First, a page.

History of Sherry
Jerez lies some nine miles inland from the sea between Cadiz and Sevilla and is the principal of three sherry towns. The others are on the coast are San Lucar de Barrameda at the mouth of the ríver Guadalquivir, and Puerto de Santa Maria. Between them they produce virtually all the genuine sherry that is shipped to the rest of the world.
There is not much difference between the wines of Jerez and Puerto de Santa Maria, except that the latter are noted for their fino and amontillado types of sherry. Sanlucar, however, produces quite different wines: all the manzanilla is made there, wíth its distinctive fresh flavour that cannot be reproduced anywhere else.
Despite such a short distance between them the wine produced will be affected by any slight change in the atmosphere or climate.
History records the earliest fermented fruit as date wine, but mead probably came first, then beer. Grape wine was prepared as early as the prehistoríc Djemdet-Nast period in Mesopotamia and was brought to Egypt before 3000 BC. The Greeks however practised viticulture as an art.
Some say that the Phoenicians introduced the vine to Spain, but it is more probable that Greek settlers brought it with them around 6th or 5th century BC. It is pure speculation, but the name Jerez may also be Greek in origin: they could have imported wines from the Persian city of "Shiraz", so why not name their new town after that city.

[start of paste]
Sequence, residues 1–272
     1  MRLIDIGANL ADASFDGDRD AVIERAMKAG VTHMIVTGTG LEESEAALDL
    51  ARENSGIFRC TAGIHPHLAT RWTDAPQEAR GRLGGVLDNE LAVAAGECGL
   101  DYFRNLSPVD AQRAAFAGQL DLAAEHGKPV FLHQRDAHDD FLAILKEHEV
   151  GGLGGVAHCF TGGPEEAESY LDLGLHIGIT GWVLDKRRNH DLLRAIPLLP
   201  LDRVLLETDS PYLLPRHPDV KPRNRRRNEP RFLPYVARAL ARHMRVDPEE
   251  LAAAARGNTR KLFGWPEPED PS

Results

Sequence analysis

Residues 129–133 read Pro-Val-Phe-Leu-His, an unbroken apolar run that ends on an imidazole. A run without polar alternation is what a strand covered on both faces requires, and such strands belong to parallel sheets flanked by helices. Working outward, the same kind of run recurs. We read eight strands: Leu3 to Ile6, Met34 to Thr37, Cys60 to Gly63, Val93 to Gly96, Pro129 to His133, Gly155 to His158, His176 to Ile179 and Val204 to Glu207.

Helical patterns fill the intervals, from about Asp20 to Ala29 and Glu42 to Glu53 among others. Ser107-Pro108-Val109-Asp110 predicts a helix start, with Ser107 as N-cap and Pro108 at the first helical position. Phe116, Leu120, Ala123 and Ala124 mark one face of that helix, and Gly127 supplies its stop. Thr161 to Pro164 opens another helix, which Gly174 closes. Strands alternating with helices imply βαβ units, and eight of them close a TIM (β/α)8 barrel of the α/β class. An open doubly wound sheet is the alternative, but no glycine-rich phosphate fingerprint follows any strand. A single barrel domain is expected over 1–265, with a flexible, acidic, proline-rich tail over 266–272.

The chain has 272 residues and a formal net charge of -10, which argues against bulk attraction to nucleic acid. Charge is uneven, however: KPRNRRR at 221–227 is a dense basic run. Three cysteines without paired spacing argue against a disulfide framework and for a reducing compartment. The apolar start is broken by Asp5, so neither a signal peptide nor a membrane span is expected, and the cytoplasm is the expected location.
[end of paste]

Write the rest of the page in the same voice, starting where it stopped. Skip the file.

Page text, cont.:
When the Romans captured Spain, they found many vineyards and viticulture advanced rapidly. Then the Vandals invaded (calling the south Vandalusia) and in turn the Visigoths. It heralded a time of perpetual war until the Moors swept over the peninsular for some 7 centurias, only to be usurped finally by the Christians. During Moorish domination, Jerez expanded in size and wealth. They called it "Seris", whích was later corrupted to "jerez" by the Spanish and to "sherry" by the Englísh.
By the 16th century, the sherry trade with England had become well establíshed, but it actually originated earlier during Moorish domination (despite the irony that wine was prohibited to the muslims.)
In recent times, new technology has jolted the traditions and whole atmosphere of the sherry towns. All the major sherry labels of the world are present in some form in Jerez. Sherry today is both traditional and fashionable. Sherry, seafood and sunshine, a magical combination.
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